Rain, strong winds forecast

Downtown New Orleans is visible behind billowing smoke from a marsh fire Thursday morning that has sent a smoky haze to Baton Rouge and farther over the past several days. Show caption
Downtown New Orleans is visible behind billowing smoke from a marsh fire Thursday morning that has sent a smoky haze to Baton Rouge and farther over the past several days.

Storm could help douse marsh fire

A tropical depression sitting off the coast of Louisiana is expected to bring rain and strong winds to Baton Rouge and much of southern Louisiana this holiday weekend and maybe even longer, according to the National Weather Service.

The Weather Service issued a tropical storm warning Thursday for coastal Louisiana.

The warning means that tropical storm conditions are expected somewhere in the area within the next 36 hours.

The likelihood that this system could turn into a tropical storm and bring large amounts of rain to the state prompted Gov. Bobby Jindal to declare a state of emergency for Louisiana on Thursday evening.

“What makes this system tricky is it’s just not going to move much,” said Shawn O’Neil, a Weather Service meteorologist. “It’s kind of a wait and see.”

O’Neil said that it was possible that the low pressure system could strengthen.

Since the tropical depression is expected to stay off the coast for some days, the system will have more time over warm water and more time to strengthen, O’Neil said.

The wind sheer over the system — which helps hamper tropical formations — was already weakening by Thursday afternoon and it was expected that those winds would continue to die down on Friday, he said.

The National Hurricane Center’s 7 p.m. Thursday forecast stated that this tropical depression is expected to move very slowly during the next five days to the northwest and then to the north and northeast — which is toward the Louisiana coastline.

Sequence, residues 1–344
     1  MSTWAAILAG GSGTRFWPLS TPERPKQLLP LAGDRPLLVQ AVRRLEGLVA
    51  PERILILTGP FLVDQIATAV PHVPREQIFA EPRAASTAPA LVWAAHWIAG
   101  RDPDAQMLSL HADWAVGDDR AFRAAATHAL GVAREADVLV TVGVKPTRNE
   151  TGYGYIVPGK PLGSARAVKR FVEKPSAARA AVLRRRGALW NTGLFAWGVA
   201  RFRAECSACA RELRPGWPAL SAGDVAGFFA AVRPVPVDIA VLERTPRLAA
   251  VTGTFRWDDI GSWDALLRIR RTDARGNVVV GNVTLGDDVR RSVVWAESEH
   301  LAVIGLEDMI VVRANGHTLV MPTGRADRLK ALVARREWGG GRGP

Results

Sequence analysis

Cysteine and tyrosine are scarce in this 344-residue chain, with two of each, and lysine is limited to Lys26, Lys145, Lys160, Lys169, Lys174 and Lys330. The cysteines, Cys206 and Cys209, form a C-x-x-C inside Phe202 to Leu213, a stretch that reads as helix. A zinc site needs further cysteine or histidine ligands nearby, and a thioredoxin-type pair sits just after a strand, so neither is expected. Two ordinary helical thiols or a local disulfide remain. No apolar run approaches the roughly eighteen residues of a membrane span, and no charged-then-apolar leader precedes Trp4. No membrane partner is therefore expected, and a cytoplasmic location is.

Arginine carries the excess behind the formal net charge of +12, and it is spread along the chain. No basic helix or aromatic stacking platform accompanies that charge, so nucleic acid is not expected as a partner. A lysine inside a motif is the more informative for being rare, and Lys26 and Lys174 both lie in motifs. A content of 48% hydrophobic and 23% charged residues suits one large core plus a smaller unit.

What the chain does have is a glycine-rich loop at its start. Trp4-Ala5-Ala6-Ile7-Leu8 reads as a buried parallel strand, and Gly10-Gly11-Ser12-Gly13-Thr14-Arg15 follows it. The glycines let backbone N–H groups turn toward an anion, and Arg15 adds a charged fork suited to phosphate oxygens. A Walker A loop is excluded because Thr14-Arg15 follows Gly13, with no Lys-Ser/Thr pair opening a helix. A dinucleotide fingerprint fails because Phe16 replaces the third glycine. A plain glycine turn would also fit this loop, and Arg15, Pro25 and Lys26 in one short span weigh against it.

Other forecasts showed the system sticking around for three to four days while still others estimated it could last up to seven days, Barry Keim, Louisiana state climatologist, said.

Until the system moves in over land, bands of rain will keep coming inland, O’Neil said.

“We’re going to be dealing with this for a few day,” O’Neil said.

Exactly where the system will go once it does start moving is also uncertain.

“This thing has no steering currents whatsoever, so the models don’t know what to do with it,” Keim said.

O’Neil said the biggest concern is flooding — coastal flooding and flooding from rainfall.

In Baton Rouge, it’s estimated that between 4 inches and 6 inches of rain will fall through Monday, Keim said.

Not only will there be rain in Baton Rouge for several days, Keim said, but the winds will pick up and are expected to be between 10 and 30 miles per hour with higher gusts.

That could mean the possibility of downed trees or power lines, Keim said. Winds were already starting to pick up Thursday evening and were expected to get stronger Friday.

Pat Santos, interim director of the Governor’s Office of Homeland Security and Emergency Preparedness, said even though there’s a lot of uncertainty about the system in the Gulf of Mexico, the state and parish governments were making preparations.

“What we do know is this: We could get rain and other hazards like water spouts or tornados,” Santos said.

It’s estimated that coastal parishes could experience higher than normal tides and could get as much as 10 inches to 12 inches of rain during the next five days. Several parishes have started closing certain floodgates, and sandbag stations are being set up, Santos said.

A silver lining could be that the system will bring enough rain to help extinguish a marsh fire that has been burning in eastern New Orleans for days.

“We’re hopeful that happens,” Santos said.

On Thursday morning, the Louisiana National Guard continued its effort to try to contain the fire by dousing the perimeter of it with water.

By afternoon, the Guard stopped its operation when rain showers moved into New Orleans.

Before the rain started, eight helicopters spent the morning scooping water from nearby canals and dumping it on the fire.

“We’re not trying to put flames out in the middle,” Chief Warrant Officer 5 Wiley Nugent said.

Instead, the crews were keeping the still-green border of the heavily wooded marsh area wet to keep the fire from spreading.

Each bucket load of water held 660 gallons and weighed more than 5,500 pounds, Nugent said. In a four-hour work period Tuesday, Nugent said, his crew delivered 135 bucket loads of water to the fire area.

“It looks like it’s holding, from what I can tell,” Nugent said Thursday morning.

As of Thursday afternoon, the Louisiana National Guard had dropped more than one million gallons of water in battling the fire, according to the Governor’s Office.